Saturday, August 27, 2011
Wormrot – Dirge (Earache, 2011)
There will always be a place in my heart for Abuse, an album that revived my passion for grind and remained in constant rotation for two years. But as much as Abuse warms the cockles, Dirge has earned its keep. Insinuating itself into the interstices of my daily routine, Dirge has become the de facto soundtrack to 18 minute slices of my life. The album's treblier production and incisive riffs have the uncanny ability to cut through the din of commuter train drone, Manhattan street cacophony, subway roar and rumbling road noise. Dirge pushes punkier arrangements, chuggier chunks of distortion and some straight-up fistfuls of metal, dispensing a shocking jolt of adrenaline. Every time I crank this thing up, I feel as if I'm pissing on the proverbial electrified fence.
Rasyid seems to draw from a fathomless pool of essential grind riffage. His guitar work on Dirge remains intensely satisfying in delivery and diversity. I was slightly disappointed in the guitar tone on the album at first, but with time, I've grown to adore the bark of its mid-range distortion. These riffs intertwine synergistically with Fitri's absurd drumming to induce a feeling of falling continually down stairs, head first. Dirge is a maniacal rhythmic feast. Fitri's drumming remains primal, animalistic and inspired; he is the Keith Moon of grind in my mind.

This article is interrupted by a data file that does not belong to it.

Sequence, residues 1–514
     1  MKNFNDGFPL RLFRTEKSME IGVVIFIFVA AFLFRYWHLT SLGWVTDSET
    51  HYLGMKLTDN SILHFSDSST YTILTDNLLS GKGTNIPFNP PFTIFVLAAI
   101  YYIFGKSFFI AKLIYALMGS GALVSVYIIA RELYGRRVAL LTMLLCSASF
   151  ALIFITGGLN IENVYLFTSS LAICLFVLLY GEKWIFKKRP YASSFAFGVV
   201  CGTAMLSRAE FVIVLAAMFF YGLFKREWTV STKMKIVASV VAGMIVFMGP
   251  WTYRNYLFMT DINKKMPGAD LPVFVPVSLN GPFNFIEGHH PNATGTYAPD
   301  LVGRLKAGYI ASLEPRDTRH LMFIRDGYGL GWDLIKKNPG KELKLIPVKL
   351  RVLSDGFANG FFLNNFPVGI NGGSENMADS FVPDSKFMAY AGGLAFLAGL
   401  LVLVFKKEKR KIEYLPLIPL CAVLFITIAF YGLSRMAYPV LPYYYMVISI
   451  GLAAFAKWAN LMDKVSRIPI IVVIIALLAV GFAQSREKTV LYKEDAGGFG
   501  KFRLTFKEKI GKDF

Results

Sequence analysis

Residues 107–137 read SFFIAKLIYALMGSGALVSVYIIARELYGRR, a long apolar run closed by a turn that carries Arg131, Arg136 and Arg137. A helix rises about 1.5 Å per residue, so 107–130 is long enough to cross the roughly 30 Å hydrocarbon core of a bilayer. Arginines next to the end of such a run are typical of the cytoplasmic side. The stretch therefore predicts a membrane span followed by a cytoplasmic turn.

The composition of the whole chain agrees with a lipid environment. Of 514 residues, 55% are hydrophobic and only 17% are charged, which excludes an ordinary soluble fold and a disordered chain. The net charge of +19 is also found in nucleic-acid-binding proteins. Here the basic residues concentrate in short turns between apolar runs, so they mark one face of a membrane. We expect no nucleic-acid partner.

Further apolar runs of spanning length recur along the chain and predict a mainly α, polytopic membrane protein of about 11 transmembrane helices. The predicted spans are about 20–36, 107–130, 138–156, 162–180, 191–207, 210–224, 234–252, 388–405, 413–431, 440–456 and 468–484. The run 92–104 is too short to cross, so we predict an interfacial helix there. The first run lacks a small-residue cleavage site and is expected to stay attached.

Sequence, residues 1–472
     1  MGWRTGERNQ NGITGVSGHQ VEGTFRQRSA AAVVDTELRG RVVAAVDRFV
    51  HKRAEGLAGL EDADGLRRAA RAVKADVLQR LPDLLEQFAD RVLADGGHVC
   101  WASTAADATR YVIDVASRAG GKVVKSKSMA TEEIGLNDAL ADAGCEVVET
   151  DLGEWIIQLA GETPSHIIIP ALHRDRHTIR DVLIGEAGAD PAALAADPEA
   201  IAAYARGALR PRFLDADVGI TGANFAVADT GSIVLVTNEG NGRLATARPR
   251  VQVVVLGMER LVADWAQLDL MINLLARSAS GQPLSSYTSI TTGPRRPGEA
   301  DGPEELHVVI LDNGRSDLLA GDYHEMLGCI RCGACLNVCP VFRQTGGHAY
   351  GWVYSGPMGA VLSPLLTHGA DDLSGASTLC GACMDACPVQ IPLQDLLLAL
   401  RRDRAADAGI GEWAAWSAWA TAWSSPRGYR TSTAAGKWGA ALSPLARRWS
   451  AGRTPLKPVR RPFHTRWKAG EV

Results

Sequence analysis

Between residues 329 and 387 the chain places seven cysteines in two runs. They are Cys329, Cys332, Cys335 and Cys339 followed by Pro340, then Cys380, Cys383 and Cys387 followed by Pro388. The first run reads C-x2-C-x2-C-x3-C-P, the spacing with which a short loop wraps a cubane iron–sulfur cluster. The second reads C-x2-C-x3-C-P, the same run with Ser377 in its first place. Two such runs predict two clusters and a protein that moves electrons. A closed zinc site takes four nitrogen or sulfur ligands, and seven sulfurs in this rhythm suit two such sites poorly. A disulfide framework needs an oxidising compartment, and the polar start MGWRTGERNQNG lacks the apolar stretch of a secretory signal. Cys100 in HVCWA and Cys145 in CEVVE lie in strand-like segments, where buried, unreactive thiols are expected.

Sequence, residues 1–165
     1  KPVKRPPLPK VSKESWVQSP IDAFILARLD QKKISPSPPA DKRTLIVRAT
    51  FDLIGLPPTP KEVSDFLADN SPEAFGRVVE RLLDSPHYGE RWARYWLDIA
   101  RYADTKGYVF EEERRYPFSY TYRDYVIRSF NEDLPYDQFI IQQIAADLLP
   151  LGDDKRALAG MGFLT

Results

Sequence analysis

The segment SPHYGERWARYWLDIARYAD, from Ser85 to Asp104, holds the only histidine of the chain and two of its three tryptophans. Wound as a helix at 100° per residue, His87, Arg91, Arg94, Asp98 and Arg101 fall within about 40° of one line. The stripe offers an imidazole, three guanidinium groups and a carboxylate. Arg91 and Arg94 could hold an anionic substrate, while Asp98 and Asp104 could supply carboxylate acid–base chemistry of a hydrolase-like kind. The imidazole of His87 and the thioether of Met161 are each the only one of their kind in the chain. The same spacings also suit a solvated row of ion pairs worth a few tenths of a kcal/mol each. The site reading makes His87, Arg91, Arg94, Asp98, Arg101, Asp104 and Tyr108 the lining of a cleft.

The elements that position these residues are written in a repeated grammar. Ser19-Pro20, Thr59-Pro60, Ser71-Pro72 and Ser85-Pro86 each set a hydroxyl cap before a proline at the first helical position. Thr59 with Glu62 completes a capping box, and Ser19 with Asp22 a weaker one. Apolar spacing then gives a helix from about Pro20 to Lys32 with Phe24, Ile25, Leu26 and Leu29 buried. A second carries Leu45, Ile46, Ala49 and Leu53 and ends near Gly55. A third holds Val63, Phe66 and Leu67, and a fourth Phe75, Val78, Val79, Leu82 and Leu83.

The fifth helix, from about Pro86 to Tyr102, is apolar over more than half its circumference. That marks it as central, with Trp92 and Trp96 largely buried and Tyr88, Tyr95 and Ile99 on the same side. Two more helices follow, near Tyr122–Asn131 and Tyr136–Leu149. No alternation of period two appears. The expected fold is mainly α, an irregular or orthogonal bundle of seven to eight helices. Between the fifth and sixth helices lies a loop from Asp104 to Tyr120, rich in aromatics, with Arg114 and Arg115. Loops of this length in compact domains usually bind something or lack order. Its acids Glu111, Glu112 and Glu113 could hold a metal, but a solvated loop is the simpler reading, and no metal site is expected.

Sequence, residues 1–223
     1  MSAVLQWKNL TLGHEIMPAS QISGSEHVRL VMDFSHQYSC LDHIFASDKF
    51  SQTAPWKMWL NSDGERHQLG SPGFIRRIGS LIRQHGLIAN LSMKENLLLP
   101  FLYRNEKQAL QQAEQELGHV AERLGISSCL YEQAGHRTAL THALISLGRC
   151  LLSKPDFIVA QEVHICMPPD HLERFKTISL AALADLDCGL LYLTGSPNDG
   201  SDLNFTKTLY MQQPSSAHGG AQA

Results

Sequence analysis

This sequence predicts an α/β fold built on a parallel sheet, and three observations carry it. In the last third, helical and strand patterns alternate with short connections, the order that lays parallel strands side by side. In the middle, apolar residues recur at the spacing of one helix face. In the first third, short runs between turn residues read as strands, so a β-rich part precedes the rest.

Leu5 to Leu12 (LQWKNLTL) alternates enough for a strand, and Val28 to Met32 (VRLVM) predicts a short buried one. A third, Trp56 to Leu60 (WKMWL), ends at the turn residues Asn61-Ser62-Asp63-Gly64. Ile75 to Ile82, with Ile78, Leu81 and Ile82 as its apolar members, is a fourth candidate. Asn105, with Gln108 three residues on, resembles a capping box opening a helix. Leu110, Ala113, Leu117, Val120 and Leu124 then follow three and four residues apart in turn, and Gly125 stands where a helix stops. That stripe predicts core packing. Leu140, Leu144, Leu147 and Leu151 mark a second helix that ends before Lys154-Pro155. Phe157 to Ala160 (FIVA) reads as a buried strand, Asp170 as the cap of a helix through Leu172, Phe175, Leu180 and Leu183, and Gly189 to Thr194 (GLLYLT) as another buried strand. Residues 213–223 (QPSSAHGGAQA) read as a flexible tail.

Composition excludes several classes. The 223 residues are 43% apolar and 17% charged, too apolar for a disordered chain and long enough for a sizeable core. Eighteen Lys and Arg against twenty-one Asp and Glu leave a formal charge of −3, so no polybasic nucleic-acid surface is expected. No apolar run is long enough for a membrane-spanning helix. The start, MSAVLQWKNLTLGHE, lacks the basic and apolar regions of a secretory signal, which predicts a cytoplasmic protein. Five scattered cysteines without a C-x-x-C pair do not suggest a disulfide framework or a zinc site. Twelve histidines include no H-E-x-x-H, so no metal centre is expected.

Arif is a man of many voices, from porcine indigestion to wretchedly withered screams. He spews brilliant grind aphorisms throughout the album, constantly shifting tone in a dissociative downpour. Dirge's allure is magnified by its 'fuck off and die with a smile' attitude and brilliant lyrics. I can't count the number of times I've involuntarily screamed, “All go no emo!” while walking down the street; it's become a motivational mantra.
Abuse's magnificence was miraculous, its impact personal. Dirge's intensity is addictive, its effect a physical, utilitarian rage. Both are essential.
Earache is still offering Dirge as a completely free download here. Being a lover of plastic discs, I pre-ordered the CD before it came out.